Watch the Audience FEEDBACK Video:
6. How did you come up with the idea for this short film?
Shortly after the presidential election in 2016, I found myself (a Ghanaian-American) in conversation with my good friend Abdiel Jacobsen (who is a native of the Ivory Coast) and another close friend who is an African-American descendant of enslaved people about the ways in which slavery, history, colonialism, racism, and other forms of institutionalized oppression have left many of us feeling disconnected and lost despite our different backgrounds. I had been inspired by the ways in which artists like Beyoncé, Taylor Mac, and Solange were using art to claim the transformative power to write their own narratives about their experiences as marginalized people. At the same time, I was experiencing a sort of revelation around the idea that we carry our histories and our ancestors in our bodies. In particular, I’d been thinking about the ways in which Celia Cruz was a symbol of how across centuries, thousands of miles, and endless experiences of oppression, people of African descent have managed to preserve so much of where and whom they come from, often without realizing it. I was inspired to create a piece of art that spoke to that idea and took it a step further by proposing that we tap into that actively in order to wield the power and the history of our ancestors as we face the realities of today.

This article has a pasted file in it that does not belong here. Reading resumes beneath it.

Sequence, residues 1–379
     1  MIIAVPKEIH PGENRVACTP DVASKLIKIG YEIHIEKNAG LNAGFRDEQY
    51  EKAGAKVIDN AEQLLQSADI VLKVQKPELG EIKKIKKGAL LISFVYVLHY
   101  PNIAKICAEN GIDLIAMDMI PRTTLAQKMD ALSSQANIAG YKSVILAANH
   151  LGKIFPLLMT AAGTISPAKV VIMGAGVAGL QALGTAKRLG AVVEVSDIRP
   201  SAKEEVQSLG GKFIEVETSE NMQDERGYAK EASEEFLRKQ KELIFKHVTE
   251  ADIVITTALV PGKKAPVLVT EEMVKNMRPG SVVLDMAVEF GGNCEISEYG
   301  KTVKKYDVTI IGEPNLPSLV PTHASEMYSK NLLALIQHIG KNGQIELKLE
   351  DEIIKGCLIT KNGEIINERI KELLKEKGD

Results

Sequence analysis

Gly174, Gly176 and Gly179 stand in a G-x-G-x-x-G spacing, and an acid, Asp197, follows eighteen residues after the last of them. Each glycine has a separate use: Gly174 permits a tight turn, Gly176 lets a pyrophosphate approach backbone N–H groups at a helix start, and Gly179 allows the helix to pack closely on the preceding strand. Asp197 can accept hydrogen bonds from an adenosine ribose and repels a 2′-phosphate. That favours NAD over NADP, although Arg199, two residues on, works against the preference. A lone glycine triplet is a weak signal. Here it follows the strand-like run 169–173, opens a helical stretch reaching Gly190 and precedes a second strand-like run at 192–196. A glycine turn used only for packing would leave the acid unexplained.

7. What film have you seen the most in your life?
I’ve literally seen Lemonade at least 50 times! I’m actually big on watching movies I like repeatedly so there are lots of films that I’ve seen a lot. Films like Amelie, Brokeback Mountain, Ferris Bueller’s Day Off, Waiting to Exhale, Y Tu Mamá También, Memento, Rabioso Sol, Rabioso Cielo. It really runs the gamut as you can see. I’ve also seen the Avatar: The Last Airbender series many times, which I contend is one of the greatest instances of storytelling, worldbuilding, character development, and fictional exploration of timely issues in recent history, all in a children’s show!
8. You submitted to the festival via FilmFreeway, what are you feelings of the submission platform from a filmmaker’s perspective?
FilmFreeway made searching for festivals that would align with my work and submitting to them very easy!
9. What song have you listened to the most times in your life?
I’m a musician and a big lover of music, so that’s hard. I’ll say I’ve probably listened to Brandy’s “He Is” and Aretha Franklin’s “Mary Don’t You Weep” more than most things.
10. What is next for you? A new film?
I’m currently in the process of recording a studio album. Once that’s done, I am planning to produce more films in conjunction with my music as well as interdisciplinary live performance pieces! I’m really excited about the things I’m creating now, and I can’t wait to share them with you all!